In May 2018, the American Academy of Family Practitioners newsletter included an article titled “Research Finds Acupuncture Effective for Chronic Pain.”

It described chronic pain as, “a significant condition that affects millions of Americans” ... and highlighted “one therapy that has received considerable attention for the treatment of chronic pain is acupuncture” ... and that, “in an updated (study) published in the Journal of Pain, researchers concluded that acupuncture is effective for the treatment of chronic pain, that the effects of acupuncture persist over time, and that the benefits of acupuncture cannot be explained away solely by the placebo effect.”

It’s nice to finally see peer-reviewed published research confirming that the benefits of Acupuncture are clinically significant and not all in your head.

It may seem like a small thing, but it’s not. This represents progress for physicians and patients alike, because statements like these, from reputable sources, encourage changes in clinical recommendations and increases patients’ access to safe and effective treatment alternatives for chronic pain, like acupuncture.

Similarly, in February 2017 the American College of Physicians (ACP), released an updated evidence-based clinical practice guideline, which recommends “physicians help patients select (a non-drug) therapy, like exercise, acupuncture, mindfulness-based stress reduction, tai chi, yoga, motor control exercise, progressive relaxation, biofeedback, low-level laser therapy, cognitive behavioral therapy or spinal manipulation for patients with chronic low back pain.”

Acupuncture remains active among the world’s oldest medical modalities for good reason. Finally, new research supports an evidence-based model for acupuncture and offers a better understanding of its underlying treatment mechanisms.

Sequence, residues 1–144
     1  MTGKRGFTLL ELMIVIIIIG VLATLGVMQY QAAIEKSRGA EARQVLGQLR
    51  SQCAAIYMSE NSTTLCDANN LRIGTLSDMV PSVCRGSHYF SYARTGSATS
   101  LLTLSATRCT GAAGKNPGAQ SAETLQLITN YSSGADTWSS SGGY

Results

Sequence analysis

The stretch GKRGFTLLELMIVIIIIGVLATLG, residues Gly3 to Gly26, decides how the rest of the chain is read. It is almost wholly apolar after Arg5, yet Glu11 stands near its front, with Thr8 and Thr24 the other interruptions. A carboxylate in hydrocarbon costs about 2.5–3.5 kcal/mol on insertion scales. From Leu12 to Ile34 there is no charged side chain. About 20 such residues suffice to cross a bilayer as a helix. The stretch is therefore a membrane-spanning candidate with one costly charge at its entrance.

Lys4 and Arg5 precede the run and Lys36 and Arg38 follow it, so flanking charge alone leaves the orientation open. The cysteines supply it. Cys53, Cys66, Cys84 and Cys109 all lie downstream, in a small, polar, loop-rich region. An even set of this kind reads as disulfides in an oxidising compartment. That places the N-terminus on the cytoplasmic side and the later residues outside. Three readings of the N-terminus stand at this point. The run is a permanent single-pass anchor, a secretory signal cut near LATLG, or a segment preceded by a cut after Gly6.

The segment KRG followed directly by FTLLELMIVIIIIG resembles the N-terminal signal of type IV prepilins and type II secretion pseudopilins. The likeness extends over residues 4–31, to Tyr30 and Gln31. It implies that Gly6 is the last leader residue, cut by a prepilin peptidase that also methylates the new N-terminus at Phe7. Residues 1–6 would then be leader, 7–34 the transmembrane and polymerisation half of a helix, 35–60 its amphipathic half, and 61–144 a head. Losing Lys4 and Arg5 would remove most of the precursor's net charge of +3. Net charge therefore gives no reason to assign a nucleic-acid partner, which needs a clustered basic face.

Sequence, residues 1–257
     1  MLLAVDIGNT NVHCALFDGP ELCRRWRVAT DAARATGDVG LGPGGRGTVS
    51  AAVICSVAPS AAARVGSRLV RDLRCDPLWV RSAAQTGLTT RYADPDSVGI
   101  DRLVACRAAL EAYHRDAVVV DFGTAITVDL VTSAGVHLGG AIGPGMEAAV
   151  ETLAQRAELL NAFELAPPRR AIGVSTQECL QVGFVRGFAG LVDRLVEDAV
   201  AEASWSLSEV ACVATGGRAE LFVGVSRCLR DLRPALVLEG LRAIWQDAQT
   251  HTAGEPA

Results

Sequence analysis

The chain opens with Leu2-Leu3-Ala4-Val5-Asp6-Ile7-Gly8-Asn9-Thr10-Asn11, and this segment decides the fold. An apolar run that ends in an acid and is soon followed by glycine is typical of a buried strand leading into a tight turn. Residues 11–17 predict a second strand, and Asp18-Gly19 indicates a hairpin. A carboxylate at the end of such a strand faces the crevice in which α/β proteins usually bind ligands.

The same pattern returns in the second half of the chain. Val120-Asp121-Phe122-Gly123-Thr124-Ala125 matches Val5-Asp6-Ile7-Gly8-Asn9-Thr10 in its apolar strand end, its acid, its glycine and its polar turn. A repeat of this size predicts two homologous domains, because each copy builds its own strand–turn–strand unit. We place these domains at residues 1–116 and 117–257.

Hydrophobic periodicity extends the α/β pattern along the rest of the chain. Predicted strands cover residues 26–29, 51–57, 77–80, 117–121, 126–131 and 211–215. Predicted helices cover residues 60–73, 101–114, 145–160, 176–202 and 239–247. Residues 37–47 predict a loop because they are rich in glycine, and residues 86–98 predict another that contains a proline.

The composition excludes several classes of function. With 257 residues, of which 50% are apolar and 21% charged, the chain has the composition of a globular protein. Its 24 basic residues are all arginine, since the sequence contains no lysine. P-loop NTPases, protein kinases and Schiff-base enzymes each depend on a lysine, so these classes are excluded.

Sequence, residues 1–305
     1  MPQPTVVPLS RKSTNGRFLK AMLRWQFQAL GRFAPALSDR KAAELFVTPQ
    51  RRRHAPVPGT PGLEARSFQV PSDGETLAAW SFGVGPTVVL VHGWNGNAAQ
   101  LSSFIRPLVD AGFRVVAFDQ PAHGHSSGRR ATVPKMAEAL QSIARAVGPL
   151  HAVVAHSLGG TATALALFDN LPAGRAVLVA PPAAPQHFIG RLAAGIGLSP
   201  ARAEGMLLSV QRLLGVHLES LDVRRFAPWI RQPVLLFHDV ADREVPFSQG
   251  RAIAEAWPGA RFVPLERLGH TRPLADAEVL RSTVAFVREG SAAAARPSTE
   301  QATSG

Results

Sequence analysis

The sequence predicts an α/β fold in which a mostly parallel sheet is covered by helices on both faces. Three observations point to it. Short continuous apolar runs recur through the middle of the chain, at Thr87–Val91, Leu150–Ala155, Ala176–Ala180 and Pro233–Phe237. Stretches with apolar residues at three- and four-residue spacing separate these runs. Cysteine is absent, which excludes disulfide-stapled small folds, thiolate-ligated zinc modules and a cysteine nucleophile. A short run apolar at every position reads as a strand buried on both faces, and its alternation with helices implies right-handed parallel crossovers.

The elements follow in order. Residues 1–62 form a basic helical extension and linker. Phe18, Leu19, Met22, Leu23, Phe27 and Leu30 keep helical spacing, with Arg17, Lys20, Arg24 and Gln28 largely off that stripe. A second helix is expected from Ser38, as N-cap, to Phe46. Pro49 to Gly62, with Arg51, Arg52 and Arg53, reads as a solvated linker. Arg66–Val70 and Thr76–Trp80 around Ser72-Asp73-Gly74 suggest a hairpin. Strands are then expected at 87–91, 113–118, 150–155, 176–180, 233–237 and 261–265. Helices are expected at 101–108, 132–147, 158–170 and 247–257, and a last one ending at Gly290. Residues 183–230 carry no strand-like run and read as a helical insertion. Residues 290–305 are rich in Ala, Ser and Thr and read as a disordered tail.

Does this mean that acupuncture works better today than it did in 450 A.D.? Of course not. It’s always been safe and effective.

Only now, the data exists to confirm what millions of people already know and have known: Acupuncture works, especially for chronic pain.

According to the American College of Physicians, “In the past three months, about 1 in 4 U.S. adults reported having low back pain lasting at least one day. If you are counted among those suffering with back pain, talk to your doctor about treatment alternatives and consider trying acupuncture.

Is acupuncture right for every patient and every condition? No, but for millions of people every day from all around the world, including lots of people right here in Citrus County, treatment with acupuncture enables them to remain active and less reliant on drugs and other pain medications.

Contact David Bibbey, L.Ac. DOM, doctor of Oriental medicine, at Alternative Primary Care, 441 SE Kings Bay Drive, Crystal River, 352-464-1645.

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